So halve the suspension because of the regular-season-to-postseason exchange rate and go with one game. Except that doesn’t look good. The precedent is two games. All of a sudden the insensitivity is less important because the games are more important? That doesn’t make sense, either.

What Manfred did, then, was as elegant of a solution as he could have come up with. He took that exchange rate and applied it in reverse: The magnitude of the stage meant the old precedent didn’t apply, which meant Gurriel got more than double the suspensions that Pillar, Escobar, and Joyce received.

As for Manfred’s explanation — that he didn’t want the other 24 players to be punished — get the hell out of here. That explanation didn’t come up when Chase Utley was suspended for two games in 2015 for a dirty slide. But what happened in that case is instructive to why Gurriel received the suspension he did. Utley appealed his suspension and won. He didn’t miss any games in the postseason. He didn’t miss any games in the regular season. While this is a different scenario, and Gurriel’s suspension probably would have been held up in some capacity, the timing wasn’t on MLB’s side. There would have certainly been an appeal, and that probably would have meant that Gurriel wasn’t going to miss any World Series games anyway.

That would have been a miserable look for baseball, and it wouldn’t have looked good for Gurriel, either. Manfred said as much before Game 4:

Last, when I originally began thinking about the discipline, I thought that delaying the suspension would allow the player the opportunity to exercise his rights under the grievance procedure. It now appears, and I have every expectation, that he will not be exercising those rights.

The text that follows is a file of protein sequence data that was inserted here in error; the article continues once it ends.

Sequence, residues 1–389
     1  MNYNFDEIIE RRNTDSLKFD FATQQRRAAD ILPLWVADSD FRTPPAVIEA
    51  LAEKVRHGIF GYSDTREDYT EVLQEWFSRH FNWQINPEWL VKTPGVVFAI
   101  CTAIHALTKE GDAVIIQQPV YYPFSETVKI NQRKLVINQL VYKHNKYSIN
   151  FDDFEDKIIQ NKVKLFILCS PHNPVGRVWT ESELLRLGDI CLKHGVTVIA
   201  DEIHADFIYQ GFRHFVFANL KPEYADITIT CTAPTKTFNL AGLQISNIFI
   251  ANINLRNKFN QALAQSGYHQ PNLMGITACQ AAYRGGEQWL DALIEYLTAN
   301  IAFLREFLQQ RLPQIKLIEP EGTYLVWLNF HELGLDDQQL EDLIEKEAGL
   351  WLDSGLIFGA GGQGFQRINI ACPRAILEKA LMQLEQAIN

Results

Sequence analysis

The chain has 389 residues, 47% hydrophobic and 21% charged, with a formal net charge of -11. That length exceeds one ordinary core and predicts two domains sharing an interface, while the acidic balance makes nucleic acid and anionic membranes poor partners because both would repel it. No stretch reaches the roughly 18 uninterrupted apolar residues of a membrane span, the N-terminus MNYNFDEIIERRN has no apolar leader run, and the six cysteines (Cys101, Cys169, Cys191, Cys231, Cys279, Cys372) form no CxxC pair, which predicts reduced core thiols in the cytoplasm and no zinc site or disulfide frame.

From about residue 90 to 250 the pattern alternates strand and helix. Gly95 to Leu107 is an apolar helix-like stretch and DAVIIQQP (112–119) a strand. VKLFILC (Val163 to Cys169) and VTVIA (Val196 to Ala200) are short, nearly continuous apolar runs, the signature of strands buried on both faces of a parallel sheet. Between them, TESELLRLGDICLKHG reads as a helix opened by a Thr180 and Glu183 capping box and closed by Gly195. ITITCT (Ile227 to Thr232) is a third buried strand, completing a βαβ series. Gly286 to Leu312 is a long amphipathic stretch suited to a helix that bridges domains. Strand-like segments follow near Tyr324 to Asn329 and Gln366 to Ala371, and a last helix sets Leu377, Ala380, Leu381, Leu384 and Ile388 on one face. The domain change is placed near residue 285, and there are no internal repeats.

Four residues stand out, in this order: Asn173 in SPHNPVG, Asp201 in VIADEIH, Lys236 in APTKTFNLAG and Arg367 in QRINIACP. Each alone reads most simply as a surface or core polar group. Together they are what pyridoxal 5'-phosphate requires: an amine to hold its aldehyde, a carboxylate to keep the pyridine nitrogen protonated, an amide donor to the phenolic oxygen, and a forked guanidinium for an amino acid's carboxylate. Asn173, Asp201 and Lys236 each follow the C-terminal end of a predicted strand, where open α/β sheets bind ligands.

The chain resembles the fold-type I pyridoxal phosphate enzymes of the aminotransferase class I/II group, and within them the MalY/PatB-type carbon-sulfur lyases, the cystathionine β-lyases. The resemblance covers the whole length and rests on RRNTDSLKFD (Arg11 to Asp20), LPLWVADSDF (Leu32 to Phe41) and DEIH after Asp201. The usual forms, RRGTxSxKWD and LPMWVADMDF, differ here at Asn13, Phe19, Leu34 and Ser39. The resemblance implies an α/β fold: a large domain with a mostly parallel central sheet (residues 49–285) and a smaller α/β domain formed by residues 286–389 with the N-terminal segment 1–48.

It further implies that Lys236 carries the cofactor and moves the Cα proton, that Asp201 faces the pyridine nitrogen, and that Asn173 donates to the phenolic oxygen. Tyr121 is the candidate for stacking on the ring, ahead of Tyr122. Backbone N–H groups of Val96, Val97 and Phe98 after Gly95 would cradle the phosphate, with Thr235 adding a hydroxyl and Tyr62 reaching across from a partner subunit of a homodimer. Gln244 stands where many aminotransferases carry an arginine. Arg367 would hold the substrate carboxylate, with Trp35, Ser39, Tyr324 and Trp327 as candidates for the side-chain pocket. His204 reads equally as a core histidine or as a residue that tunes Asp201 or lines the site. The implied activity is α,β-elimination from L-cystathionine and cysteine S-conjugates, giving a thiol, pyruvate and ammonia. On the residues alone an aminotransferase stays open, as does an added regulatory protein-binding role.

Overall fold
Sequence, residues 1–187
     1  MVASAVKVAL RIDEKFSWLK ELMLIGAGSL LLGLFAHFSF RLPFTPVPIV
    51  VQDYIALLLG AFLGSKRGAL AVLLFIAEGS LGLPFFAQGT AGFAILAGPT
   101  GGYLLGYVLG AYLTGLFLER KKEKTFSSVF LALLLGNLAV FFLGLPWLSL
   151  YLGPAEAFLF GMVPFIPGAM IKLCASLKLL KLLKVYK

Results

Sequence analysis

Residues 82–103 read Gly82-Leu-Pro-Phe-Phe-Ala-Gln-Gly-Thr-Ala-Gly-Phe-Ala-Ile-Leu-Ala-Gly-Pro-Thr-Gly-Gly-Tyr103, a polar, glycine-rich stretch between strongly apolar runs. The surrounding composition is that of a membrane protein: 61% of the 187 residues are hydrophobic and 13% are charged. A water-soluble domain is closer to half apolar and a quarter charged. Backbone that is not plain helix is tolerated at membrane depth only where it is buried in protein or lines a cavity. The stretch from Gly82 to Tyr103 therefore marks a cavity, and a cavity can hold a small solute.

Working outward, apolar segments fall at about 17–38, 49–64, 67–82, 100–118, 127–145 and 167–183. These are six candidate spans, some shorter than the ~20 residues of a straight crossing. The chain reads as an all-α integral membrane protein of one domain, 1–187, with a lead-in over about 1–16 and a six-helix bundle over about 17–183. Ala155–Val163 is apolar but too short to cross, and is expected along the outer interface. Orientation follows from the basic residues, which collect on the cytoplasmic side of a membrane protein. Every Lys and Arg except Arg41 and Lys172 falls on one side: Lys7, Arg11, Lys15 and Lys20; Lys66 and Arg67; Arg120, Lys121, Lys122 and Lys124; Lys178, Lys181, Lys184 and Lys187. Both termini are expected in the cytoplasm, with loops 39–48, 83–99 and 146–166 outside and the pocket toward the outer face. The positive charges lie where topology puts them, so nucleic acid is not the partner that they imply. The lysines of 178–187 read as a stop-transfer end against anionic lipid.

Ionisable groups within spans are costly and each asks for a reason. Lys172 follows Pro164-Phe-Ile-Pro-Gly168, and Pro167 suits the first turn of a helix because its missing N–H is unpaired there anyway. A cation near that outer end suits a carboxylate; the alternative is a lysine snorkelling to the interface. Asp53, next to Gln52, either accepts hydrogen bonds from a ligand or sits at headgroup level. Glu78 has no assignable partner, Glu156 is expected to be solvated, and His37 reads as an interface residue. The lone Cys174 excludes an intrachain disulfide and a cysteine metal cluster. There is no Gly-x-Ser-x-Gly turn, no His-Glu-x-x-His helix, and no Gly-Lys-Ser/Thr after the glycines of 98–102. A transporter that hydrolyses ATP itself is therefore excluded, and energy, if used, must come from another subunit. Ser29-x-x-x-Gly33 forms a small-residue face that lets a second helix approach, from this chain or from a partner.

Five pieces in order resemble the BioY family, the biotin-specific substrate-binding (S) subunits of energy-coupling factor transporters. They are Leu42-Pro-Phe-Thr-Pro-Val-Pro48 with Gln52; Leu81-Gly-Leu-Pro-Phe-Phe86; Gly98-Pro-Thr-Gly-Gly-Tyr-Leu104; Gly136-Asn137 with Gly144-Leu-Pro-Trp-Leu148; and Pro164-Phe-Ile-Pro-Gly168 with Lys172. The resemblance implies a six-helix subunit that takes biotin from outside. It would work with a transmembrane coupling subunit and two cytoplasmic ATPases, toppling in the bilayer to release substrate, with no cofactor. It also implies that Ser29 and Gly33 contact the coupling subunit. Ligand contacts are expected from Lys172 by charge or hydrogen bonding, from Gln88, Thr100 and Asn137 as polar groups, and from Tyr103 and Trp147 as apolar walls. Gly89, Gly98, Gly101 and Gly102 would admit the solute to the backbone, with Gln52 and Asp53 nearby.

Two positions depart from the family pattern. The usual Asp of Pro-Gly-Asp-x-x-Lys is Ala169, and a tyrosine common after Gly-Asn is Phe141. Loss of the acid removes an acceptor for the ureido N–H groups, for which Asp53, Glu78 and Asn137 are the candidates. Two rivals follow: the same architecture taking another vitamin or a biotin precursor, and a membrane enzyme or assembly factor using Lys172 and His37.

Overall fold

It was something of an unofficial plea bargain, then. Gurriel got more games, but he didn’t have to look worse than he already did. Also, if Manfred suspended Gurriel for the World Series and forced him to appeal, it would have made the MLBPA and the rights gained through collective bargaining look bad. I’m for those rights, even if the application of them isn’t always agreeable.

There was going to be a suspension. It was unlikely that suspension was ever going to be served during the 2017 World Series. The middle ground, it appears, is to tack three games onto the top of the established precedent because of the national stage and the gesture being directed at another player.

Darvish’s response has been described as “classy,” but I think it’s important to remember that such a description unwittingly sets up an angrier response as being “not classy” by definition, which isn’t fair. Darvish had every right to be pissed off. He waived that right, but that shouldn’t mean that someone less forgiving should be seen as less than classy in the future.

Instead of focusing on Darvish’s tone, focus on his words. He said, “I believe we should put our effort into learning,” and that’s spot on. If the cameras aren’t trained on Gurriel and broadcasting at that second — or if Darvish’s slider and command weren’t broken all game — this discussion would never have happened. There wouldn’t be discussion on the term Gurriel used. There wouldn’t be the appreciation of just how crappy that gesture is, and there would be players (other than Gurriel, I’m sure) who would never have realized what a big deal it is to reduce an entire ethnicity to their physical characteristics.

No one wins here, but at least there’s a chance for evolution.